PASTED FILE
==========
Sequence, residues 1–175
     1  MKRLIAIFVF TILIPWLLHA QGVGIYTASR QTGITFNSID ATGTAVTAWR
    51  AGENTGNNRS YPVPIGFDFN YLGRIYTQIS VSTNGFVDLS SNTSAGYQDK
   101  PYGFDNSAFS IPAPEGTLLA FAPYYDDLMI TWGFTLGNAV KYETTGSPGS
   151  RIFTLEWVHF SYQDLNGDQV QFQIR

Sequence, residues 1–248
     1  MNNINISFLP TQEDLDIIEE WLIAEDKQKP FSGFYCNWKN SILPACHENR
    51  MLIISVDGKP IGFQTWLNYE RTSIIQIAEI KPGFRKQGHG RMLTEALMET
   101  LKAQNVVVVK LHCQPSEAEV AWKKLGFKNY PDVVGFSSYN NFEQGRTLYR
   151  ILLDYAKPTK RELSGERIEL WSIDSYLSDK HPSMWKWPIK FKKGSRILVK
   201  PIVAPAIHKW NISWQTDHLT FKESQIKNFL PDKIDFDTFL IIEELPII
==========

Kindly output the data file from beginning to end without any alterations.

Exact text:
Sequence, residues 1–175
     1  MKRLIAIFVF TILIPWLLHA QGVGIYTASR QTGITFNSID ATGTAVTAWR
    51  AGENTGNNRS YPVPIGFDFN YLGRIYTQIS VSTNGFVDLS SNTSAGYQDK
   101  PYGFDNSAFS IPAPEGTLLA FAPYYDDLMI TWGFTLGNAV KYETTGSPGS
   151  RIFTLEWVHF SYQDLNGDQV QFQIR

Sequence, residues 1–248
     1  MNNINISFLP TQEDLDIIEE WLIAEDKQKP FSGFYCNWKN SILPACHENR
    51  MLIISVDGKP IGFQTWLNYE RTSIIQIAEI KPGFRKQGHG RMLTEALMET
   101  LKAQNVVVVK LHCQPSEAEV AWKKLGFKNY PDVVGFSSYN NFEQGRTLYR
   151  ILLDYAKPTK RELSGERIEL WSIDSYLSDK HPSMWKWPIK FKKGSRILVK
   201  PIVAPAIHKW NISWQTDHLT FKESQIKNFL PDKIDFDTFL IIEELPII